9 Plots

Laura Greenstreet

When including equations, it is often helpful to include plots and figures as a visual learning aid. The Tikz package provides a variety of tools for creating figures. The PGFplots package can be combined with Tikz to create simple to code yet elegant plots.

2D Plots

To create a plot, invoke the plot environment and then specify a few parameters including the axes and function to plot.

[latex]\begin{tikzpicture} \begin{axis}[ axis lines = left, xlabel = $x$, ylabel = {$f(x)$}] \addplot [ domain=-10:10, samples=30, color=blue] {x^2 + 2*x + 1}; \end{axis} \end{tikzpicture}[/latex] [‌latex]
\begin{tikzpicture}
\begin{axis}[
axis lines = left,
xlabel = $x$, ylabel = {$f(x)$}]
\addplot [ domain=-10:10, samples=30, color=blue]
{x^2 + 2*x + 1};
\end{axis}
\end{tikzpicture}[/latex]

Code like this can seem overwhelming, but it becomes easier to read if you parse it one line at a time.

  • \begin{tikzpicture} starts the tikzpicture environment. Tikzpicture is an environment often used for drawing figures with geometric shapes or plots.
  • \begin{axis} starts configuring the axes. The ‘[‘ at the end of the line indicates that we are going to enter some parameters for the axes.
  • axis lines = left, means that the axes will be along the bottom and on the lefthand side.
  • xlabel = $x$ and ylabel = {$f(x)$} specify that the x-axis should be labeled x and the y-axis should be labelled f(x). The brackets around $f(x)$ ensure that the whole group is made into the label. The ‘$’s means that the text will formatted like it is in math mode.
  • The ‘]’ ends the specifications for the axes.
  • \addplot adds a new plot to the figure.
  • domain=-10:10, samples=30, color=blue configures the line on the figure, specifying it should range from x=-10 to x=10, that the plot should use 30 line segments, and that the color of the line should be blue. As you increase the number of line segments, the line becomes smoother. However, using more line segments uses more memory and results in the page loading slower.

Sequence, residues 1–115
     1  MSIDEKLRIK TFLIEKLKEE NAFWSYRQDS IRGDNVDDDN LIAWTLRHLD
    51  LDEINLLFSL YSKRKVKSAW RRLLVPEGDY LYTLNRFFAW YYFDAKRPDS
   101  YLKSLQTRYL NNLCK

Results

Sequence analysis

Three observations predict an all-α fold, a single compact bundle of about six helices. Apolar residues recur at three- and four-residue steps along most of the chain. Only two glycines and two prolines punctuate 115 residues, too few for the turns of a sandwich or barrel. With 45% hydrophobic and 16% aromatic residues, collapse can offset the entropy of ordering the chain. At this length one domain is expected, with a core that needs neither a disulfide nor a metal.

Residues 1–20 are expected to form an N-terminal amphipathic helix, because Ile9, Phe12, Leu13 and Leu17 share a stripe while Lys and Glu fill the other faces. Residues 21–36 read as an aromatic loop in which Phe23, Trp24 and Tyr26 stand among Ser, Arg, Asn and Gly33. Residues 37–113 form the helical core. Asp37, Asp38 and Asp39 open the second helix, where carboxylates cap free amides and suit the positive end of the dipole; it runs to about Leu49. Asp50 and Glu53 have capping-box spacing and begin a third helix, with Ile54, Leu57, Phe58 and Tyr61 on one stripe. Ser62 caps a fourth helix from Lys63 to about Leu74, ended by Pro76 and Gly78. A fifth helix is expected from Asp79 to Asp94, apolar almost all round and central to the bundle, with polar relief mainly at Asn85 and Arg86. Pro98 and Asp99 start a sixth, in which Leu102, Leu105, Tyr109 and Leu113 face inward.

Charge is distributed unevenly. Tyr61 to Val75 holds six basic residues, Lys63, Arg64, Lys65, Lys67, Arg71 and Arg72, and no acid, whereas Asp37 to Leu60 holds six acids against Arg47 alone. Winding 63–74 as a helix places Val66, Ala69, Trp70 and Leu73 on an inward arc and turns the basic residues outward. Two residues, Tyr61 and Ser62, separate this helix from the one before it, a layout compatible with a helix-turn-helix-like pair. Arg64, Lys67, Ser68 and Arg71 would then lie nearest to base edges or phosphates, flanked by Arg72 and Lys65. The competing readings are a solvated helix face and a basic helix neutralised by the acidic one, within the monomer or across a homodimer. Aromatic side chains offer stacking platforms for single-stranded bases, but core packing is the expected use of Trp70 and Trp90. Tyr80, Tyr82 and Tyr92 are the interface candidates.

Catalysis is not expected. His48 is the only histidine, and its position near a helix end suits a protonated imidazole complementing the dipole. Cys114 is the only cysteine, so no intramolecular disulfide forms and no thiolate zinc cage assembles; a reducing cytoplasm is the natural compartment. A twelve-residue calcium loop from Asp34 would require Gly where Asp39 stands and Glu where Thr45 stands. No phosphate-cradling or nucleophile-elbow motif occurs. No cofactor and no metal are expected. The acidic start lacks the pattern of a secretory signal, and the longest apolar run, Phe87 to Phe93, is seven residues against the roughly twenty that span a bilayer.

• {x^2 + 2*x + 1}; is the equation that will be plotted.
  • \end{axis} and \end{tikzpicture} end the environments that we started earlier.

Understanding the code, we can modify the plot to show a wider range of values, modify the function, or plot an additional function on the same figure.

[latex]\begin{tikzpicture} \begin{axis}[axis lines=middle, xlabel = $x$, ylabel = {$f(x)$},] \addplot [ domain=-100:100, samples=30, color=blue] {x^2 + 2*x + 1}; \end{axis} \end{tikzpicture}[/latex] [‌latex]
\begin{tikzpicture}
\begin{axis}[axis lines=middle, xlabel = $x$, ylabel = {$f(x)$}]
\addplot [ domain=-100:100, samples=30, color=blue]
{x^2 + 2*x + 1};
\end{axis}
\end{tikzpicture}[/latex]
[latex]\begin{tikzpicture} \begin{axis}[ axis lines = left, xlabel = $x$, ylabel = {$f(x)$},] \addplot [ domain=-10:10, samples=30, color=red] {x^2 - 3*x + 4}; \end{axis} \end{tikzpicture}[/latex] [‌latex]
\begin{tikzpicture}<
\begin{axis}[
axis lines = left,
xlabel = $x$,
ylabel = {$f(x)$},]
\addplot [ domain=-10:10,
samples=30,
color=red]
{x^2 - 3*x + 4};
\end{axis}
\end{tikzpicture}[/latex]
[latex]\begin{tikzpicture} \begin{axis}[ axis lines = left, xlabel = $x$, ylabel = {$f(x)$},] \addplot [ domain=-10:10, samples=30, color=blue] {x^2 + 2*x + 1}; \addplot [ domain=-10:10, samples=40, color=red] {20*sin(pi*x^2)}; \end{axis} \end{tikzpicture}[/latex] [‌latex]